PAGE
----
Ruth First House
Ruth First House has been selected as the second Festival "Hotel". Named after Ruth First, this Festival “Hotel” offers comfortable, elegantly furnished and wheelchair accessible accommodation. Capturing the enchanting character of Festival on a cold winter’s morning, french doors leading from the intimate dining room onto the patio, provide a picturesque view of the lush hills wrapped in mist.
Born and educated in Johannesburg, Ruth First’s student-life at the University of the Witwatersrand set the scene for her commitment as an anti-apartheid activist and scholar to achieve social justice during the early 1940’s.
As a member of the South African Communist Party and Federation of Progressive Students (of which she was a founding member), Ruth left her position as researcher at the Municipality to become acting party secretary and ultimately editor of The Guardian.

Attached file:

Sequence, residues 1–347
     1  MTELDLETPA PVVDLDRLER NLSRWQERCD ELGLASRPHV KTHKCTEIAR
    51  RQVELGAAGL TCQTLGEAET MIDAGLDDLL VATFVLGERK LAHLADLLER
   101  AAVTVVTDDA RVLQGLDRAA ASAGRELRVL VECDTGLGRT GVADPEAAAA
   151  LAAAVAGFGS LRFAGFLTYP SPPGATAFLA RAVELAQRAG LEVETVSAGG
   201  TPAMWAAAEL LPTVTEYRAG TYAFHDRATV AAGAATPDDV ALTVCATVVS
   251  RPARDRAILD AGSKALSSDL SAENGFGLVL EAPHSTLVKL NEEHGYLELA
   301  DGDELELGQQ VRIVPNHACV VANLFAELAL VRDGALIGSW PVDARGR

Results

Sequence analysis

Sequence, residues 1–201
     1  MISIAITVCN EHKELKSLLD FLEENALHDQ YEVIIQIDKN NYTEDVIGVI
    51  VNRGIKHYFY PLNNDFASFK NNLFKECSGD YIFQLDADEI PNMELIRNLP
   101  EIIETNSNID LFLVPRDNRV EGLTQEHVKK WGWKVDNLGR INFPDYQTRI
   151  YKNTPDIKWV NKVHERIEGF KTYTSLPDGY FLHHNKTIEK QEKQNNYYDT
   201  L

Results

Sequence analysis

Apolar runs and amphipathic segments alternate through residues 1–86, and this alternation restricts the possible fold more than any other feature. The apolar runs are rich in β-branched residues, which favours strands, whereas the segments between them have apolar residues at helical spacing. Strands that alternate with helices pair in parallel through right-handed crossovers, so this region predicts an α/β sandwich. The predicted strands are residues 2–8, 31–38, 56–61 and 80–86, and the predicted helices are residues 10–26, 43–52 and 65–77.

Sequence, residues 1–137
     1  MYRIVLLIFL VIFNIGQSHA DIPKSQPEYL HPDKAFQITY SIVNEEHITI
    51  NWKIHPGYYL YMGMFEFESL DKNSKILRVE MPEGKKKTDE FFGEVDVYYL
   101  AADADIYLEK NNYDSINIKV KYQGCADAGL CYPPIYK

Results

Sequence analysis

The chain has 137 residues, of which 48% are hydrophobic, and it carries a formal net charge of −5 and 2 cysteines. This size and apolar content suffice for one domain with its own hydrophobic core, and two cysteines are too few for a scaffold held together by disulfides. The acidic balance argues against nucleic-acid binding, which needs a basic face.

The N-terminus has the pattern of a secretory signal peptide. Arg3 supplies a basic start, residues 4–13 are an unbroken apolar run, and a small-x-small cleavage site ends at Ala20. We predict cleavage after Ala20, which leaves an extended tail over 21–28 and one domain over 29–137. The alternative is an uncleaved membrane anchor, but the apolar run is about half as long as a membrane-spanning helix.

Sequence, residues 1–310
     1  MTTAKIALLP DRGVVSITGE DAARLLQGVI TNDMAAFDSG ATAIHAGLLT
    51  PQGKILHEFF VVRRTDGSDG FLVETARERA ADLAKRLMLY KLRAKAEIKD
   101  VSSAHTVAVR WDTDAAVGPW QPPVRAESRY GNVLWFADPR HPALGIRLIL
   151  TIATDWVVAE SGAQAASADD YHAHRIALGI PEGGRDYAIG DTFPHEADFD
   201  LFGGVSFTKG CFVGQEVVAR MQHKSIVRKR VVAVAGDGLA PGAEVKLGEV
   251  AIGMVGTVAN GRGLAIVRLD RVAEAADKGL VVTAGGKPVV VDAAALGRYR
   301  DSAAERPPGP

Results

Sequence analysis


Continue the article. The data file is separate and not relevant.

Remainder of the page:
With her impeccable investigative journalism skills, Ruth widely publicised the persecution of the ANC leadership as well as the brutal force with which the South African Government acted. Despite the banning of The Guardian in 1951, Ruth First’s uncompromising pursuit led to the publishing of a number of newspapers between 1952 and 1963. Subsequent to the much publicised Rivonia trial in which Nelson Mandela, Govan Mbeki and Walter Sisulu were sentenced to life imprisonment; Ruth was arrested under the 90-day detention act in August of 1963 and kept in solitary confinement for 117 days.
Fleeing South Africa with her daughters, she worked from exile in England until 1977 after which Ruth accepted a position as Director of Research at the Centre of African Studies in Mozambique. As a cunning strategist, and an influential writer, Ruth used this position to continue the fight against apartheid. Sadly, at the height of her career, Ruth was killed by a parcel bomb in Maputo on 17 August 1982. Her memory, however, lives on.
For further information on Ruth First, click here
Last Modified: Fri, 15 Jul 2011 15:01:03 SAST